More Doctor Visits Good for Dialysis

Dialysis patients who see their doctor more often may be less likely to be hospitalized

/ Author:  / Reviewed by: Robert Carlson, M.D

(RxWiki News) Dialysis can be a life-saving measure for kidney disease patients waiting for a transplant. While long-term dialysis has its risks, patients who see their doctor more often may do better.

Patients who visited their doctor four times a month had a slightly lower risk of hospitalization than those who visited less often, according to recent findings.

"See your doctor regularly if you're on dialysis."

In their study, Yelena Slinin, MD, of Veterans Administration Health Care System in Minneapolis, and colleagues set out to see if hemodialysis patients had better outcomes when they saw their doctor more often.

Despite their lower risk of hospitalization, patients with four doctor visits a month did not appear to have a lower risk of death than those with fewer visits.

The researchers also found that patients with four visits a month had at least a 2.3 percent lower risk of a first hospitalization, compared to those with fewer visits.

When a patient's kidneys fail, dialysis or transplantation is the next step in treatment. The hope is that a kidney failure patient can get a transplant, but new kidneys are in short supply. Dialysis can replace the function of kidneys, at least for a time. Unfortunately, the procedure has been linked to a number of risks, including hospitalization and death.

Patients get dialysis three times a week, but they only see their doctor at certain times. For the most part, dialysis appointments are carried out by nurses.

The study by Dr. Slinin and colleagues showed that doctor assessment visits may play an important role in reducing hospitalizations, at least when the visits happen four times a month.

"Reducing hospitalizations improves the quality of life of dialysis patients and potentially can save a substantial amount of healthcare spending," said Adam Powell, PhD, President of Payer+Provider Syndicate.

"When people are hospitalized, they are placed in an artificial environment in which there is a greater chance of acquiring an infection and greater disturbance to sleep. While the authors of the study suggested that reducing hospitalizations by 3% would save $104 million per year, it is possible that additional money would be saved due to a reduction in hospital-acquired infections. Furthermore, people are much more comfortable at home than in a hospital, as the activities of hospitals expose patients to noise, light, and examination every few hours around the clock, disrupting sleep and causing stress," said Dr. Powell, who was not involved in the study.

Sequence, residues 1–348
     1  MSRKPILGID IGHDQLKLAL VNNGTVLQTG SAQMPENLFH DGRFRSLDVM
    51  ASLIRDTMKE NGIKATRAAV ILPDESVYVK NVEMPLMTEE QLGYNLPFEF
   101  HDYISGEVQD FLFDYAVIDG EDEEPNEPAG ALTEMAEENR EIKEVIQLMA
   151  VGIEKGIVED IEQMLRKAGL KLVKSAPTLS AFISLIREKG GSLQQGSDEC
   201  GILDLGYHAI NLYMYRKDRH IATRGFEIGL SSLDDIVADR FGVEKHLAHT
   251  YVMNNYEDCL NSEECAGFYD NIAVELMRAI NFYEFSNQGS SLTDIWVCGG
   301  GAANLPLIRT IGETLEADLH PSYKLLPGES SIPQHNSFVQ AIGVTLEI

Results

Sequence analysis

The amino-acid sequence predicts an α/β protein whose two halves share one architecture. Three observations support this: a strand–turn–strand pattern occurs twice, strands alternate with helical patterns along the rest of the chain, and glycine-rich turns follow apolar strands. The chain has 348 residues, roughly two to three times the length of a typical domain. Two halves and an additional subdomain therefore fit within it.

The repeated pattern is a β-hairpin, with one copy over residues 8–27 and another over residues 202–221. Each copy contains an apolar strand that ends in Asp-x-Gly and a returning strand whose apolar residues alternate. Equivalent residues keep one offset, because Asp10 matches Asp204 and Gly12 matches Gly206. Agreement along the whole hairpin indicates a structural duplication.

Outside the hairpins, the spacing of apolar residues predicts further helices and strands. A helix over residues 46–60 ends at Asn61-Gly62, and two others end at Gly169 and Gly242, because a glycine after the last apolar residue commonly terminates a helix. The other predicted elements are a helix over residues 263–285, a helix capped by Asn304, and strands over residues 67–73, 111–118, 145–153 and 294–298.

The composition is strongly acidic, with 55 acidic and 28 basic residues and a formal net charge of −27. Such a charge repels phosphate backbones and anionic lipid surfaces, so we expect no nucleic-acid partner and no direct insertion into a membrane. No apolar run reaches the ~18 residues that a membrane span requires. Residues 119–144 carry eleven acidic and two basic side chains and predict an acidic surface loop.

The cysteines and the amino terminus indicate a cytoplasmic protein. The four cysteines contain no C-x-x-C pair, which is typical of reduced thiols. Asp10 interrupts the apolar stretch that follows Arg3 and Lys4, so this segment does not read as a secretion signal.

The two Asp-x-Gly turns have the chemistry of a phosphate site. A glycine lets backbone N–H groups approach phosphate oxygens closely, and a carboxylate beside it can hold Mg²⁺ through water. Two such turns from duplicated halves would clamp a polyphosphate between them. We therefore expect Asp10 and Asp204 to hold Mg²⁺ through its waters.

When dialysis patients saw their doctor four times a month, they had a lower risk of first hospitalization due to heart failure, cardiovascular problems, infections and vascular access complications (complications related to inserting dialysis tubes).

More specifically, patients seen four times a month had:

  • 1.02 percent lower risk of hospitalization for congestive heart failure
  • 1.61 percent lower risk of hospitalization for cardiovascular problems
  • 2.76 percent lower risk of hospitalization for infections
  • 2.26 percent lower risk of hospitalization for vascular access complications

"Overall, our study suggests that greater frequency of provider visits to hemodialysis patients is associated with a small but significant reduction in all-cause and cause-specific hospitalizations and recurrent hospitalizations," the authors concluded.

The research was supported by the National Institute of Diabetes and Digestive and Kidney Diseases.

The authors disclosed no conflicts of interest.

The study was published September 1 in the Journal of the American Society of Nephrology.

Reviewed by: 
Review Date: 
September 24, 2012
Last Updated:
September 26, 2012